I was going to go right to bed but I’m kind of wide awake and I want to write stuff down before I forget it.
Work was okay, better than yesterday because I actually got a couple of tasks crossed off my list. I’m already starting to feel a bit overwhelmed with all the work that needs doing so I’m trying to have systems in place to keep me on an even keel and productive. So far they seem to be working okay.
I felt so gross by the end of the day that I rushed home, had a shower, blow-dried my hair, put makeup on and got dressed in my Nobue green dress – all in 45 minutes. I really just wanted to lie down and have a nap but there wasn’t time. I thought that since I’ve been feeling so revolting it was worth making an extra effort to look nice because even if I wasn’t feeling nice I didn’t have to compound it by thinking I looked like a heap of rags to boot (note for future reference, when I wear makeup I’m either feeling fantastic and showing off, or at an extremely low point and trying to camouflage it).
Mum had had a crappy day so I went into the city earlier than I had planned to have coffee with her. I do so like being in the city with mum, whether it’s shopping or drinking coffee or whatever. She left to catch the bus home and I went up to Kinokuniya for a little while to browse. I have no money, so it was probably an unwise thing to do, but I managed to restrain myself from buying anything, and went down to Town Hall to meet Guan, Mary, Joe, Carly and Alex.
We ate dinner at a great little Japanese restaurant on York St (whose name I forgot to take note of). I shared gyoza with Guan and for mains I had teriyaki chicken, both of which were delicious and just what I felt like.
The gig was at the City Recital Hall at Angel Place, which is one of my favourite venues even though I haven’t been there that many times. It’s just such a lovely building, tucked away in a laneway, with clean minimalist interiors and excellent acoustics in the hall itself.
The first act was Clogs, who primarily play intricate instrumental pieces, although tonight they were also doing a couple of songs with vocals. I didn’t think they worked as well as the other stuff. But the other stuff was great – they added an eclectic mix of instruments to the guitars, violin, bassoon and percussion (not often enough you hear a celeste or a steel drum these days!), and created really dreamlike, luscious soundscapes.
It didn’t do much to alleviate my melancholy though. Even as I revelled in the music, it made me feel very sad. At interval I just went and stood up the back for a while, and was just glad I was with friends who understood.
Then The National. I wasn’t going to take notes during the concert this time, like I did at Sufjan, but about halfway through I decided I had to write some things down because I couldn’t keep it all in my head. Guan chuckled at me and Carly seemed intrigued but, well, I’m a writer. I write things.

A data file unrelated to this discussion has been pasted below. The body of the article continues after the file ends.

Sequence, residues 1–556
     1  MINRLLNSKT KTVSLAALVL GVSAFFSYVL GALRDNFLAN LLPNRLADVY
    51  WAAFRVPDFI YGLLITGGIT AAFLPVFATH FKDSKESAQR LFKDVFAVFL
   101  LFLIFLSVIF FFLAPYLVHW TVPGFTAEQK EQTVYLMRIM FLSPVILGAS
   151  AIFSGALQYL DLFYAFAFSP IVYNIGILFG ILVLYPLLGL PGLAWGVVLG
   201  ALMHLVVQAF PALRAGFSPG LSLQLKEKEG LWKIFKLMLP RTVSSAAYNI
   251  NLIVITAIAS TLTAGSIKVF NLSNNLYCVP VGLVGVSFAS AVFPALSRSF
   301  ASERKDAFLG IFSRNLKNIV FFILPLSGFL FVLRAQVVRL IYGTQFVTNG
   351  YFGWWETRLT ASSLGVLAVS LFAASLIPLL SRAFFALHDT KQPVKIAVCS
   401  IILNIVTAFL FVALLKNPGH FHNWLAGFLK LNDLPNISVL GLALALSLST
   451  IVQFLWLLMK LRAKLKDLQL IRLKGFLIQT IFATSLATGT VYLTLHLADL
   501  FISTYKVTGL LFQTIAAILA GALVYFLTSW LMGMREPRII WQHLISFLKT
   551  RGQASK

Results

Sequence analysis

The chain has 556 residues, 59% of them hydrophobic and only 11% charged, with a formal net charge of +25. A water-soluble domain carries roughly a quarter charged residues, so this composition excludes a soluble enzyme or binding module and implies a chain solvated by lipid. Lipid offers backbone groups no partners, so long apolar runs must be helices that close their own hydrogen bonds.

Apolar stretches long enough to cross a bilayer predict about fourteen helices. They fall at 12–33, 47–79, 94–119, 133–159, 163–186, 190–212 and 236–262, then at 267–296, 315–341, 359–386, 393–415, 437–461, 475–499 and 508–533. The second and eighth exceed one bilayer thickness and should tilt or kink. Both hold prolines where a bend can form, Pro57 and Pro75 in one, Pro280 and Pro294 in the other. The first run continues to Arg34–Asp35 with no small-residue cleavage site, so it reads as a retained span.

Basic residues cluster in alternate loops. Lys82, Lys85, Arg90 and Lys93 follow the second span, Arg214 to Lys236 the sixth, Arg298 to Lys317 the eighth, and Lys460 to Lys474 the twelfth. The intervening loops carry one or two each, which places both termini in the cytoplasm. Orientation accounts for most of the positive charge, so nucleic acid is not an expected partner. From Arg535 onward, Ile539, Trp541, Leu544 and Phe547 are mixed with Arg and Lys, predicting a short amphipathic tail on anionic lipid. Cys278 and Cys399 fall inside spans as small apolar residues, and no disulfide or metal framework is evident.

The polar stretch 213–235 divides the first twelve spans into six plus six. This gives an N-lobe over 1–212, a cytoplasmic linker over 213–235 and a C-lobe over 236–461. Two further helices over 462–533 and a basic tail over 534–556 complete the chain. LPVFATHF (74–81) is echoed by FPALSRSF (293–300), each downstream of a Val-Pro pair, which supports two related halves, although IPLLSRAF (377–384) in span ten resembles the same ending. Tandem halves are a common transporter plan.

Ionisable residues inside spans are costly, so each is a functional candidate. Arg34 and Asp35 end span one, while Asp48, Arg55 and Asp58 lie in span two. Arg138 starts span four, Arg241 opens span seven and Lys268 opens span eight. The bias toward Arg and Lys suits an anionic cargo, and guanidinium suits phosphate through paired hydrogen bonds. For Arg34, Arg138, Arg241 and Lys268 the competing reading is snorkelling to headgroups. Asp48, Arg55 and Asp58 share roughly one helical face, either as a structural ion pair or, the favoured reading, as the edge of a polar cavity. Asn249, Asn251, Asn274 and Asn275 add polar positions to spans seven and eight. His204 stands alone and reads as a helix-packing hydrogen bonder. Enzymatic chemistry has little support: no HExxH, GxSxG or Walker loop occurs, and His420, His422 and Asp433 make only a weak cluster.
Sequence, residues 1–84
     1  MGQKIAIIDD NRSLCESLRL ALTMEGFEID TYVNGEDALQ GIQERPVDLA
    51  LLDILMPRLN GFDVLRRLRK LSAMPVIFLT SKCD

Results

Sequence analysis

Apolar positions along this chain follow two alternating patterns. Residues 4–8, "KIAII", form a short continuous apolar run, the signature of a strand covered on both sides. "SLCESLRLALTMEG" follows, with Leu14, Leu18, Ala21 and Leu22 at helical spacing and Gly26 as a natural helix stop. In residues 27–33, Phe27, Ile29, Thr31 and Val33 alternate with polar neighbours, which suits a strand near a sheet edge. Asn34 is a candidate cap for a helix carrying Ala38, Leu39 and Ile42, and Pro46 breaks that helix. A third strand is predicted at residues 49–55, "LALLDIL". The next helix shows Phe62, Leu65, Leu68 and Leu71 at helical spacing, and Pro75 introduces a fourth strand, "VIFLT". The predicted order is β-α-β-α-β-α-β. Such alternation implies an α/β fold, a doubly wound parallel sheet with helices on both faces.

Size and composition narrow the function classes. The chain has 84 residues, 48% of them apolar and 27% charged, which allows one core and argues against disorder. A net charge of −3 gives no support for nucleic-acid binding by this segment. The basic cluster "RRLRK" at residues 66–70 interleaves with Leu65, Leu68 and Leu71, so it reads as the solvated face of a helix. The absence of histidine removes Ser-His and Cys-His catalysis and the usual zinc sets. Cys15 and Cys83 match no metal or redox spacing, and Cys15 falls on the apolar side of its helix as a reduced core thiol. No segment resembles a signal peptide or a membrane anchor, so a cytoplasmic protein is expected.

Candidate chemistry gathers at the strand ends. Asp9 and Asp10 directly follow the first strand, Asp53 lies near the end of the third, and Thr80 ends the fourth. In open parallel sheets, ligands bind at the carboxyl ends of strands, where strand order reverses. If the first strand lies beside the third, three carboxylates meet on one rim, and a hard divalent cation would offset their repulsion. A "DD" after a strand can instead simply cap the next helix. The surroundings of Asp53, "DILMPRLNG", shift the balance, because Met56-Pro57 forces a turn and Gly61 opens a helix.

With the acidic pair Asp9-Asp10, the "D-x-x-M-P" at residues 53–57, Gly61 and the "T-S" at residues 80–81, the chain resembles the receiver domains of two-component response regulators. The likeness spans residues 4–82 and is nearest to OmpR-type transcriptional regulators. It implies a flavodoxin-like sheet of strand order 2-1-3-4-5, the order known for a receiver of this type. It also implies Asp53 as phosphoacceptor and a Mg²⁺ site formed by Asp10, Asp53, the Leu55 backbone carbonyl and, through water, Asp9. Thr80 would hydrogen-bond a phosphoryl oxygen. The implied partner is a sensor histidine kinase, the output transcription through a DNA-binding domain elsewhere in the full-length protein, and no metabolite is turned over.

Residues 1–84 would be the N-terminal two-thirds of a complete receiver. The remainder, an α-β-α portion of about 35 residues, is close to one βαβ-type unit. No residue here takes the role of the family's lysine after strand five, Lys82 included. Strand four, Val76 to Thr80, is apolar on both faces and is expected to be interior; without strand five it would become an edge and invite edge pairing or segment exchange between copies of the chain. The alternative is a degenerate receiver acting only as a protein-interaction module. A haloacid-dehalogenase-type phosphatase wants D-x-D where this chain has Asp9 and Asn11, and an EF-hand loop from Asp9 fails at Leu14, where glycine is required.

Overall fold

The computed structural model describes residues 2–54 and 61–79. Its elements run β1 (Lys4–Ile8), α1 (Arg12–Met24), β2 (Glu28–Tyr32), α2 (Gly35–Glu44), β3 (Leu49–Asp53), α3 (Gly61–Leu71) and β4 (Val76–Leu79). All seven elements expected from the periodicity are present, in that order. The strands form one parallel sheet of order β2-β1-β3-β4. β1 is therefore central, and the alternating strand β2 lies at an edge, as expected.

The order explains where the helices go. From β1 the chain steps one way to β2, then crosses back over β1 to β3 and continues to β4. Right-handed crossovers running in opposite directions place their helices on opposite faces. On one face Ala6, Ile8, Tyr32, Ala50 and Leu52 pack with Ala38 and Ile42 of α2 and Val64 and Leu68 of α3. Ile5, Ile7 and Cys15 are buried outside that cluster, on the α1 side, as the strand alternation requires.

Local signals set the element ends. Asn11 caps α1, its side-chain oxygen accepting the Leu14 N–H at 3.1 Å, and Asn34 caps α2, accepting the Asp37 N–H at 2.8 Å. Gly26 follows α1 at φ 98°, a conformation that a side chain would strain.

Except now that it’s 12.30am, I’m unable to turn my notes into anything more coherent, so I’ll just write them up (with occasional embellishment) and they may seem completely disjointed but…oh well.
Matthew Berninger has a voice like molasses, dark and rich and seductive. A voice to get lost in.
Drumming with mallets, urgent and compelling and so infectious.
Exquisite stops, every song is like heartbreak, and is bittersweetly unresolved.
The sound reverberates through the wooden floor and fills me up.
I want to eat the sound.
None of us can sit still in our row, our legs keeping time, our hands twitching. The boys all lean forward, like they want to leap up and run into it.
A restlessness. Couldn’t get further away from Sufjan and Andrew Bird. Where they were all colour and whimsy, this is blackness and boldness. A black curtain hangs behind the stage, the band members (except for Padma Newsome) are all in black. They’re manly men. There are women who come on to play for a few songs, but they don’t diminish the testosterone.
Blue light on his shoulders is the only colour. Everything stands out in sharp relief.
The gobos in the automated lights are simple but effective; like rolling lighting, and then like a massive pair of angels’ wings hovering behind him.
People suck: they keep getting up and going out and coming back in. One guy pushes open the door and says loudly “Let’s go get drunk!”
Padma Newsome is like some sort of grungy Puck to Berninger’s Oberon. He weaves around the stage with his fiddle, then plays the piano, then grabs the violin again and dances around, delighting in the sound. Berninger wrenches sound out from himself and twists and screams, while Newsome flits in and out and sings with a sublime falsetto over the top.
A shimmering clash and clamour of sound heralds the end of the show and one by one they all wander off the stage, leaving the blackness and the ringing in our ears.
So there you go. And now, to bed.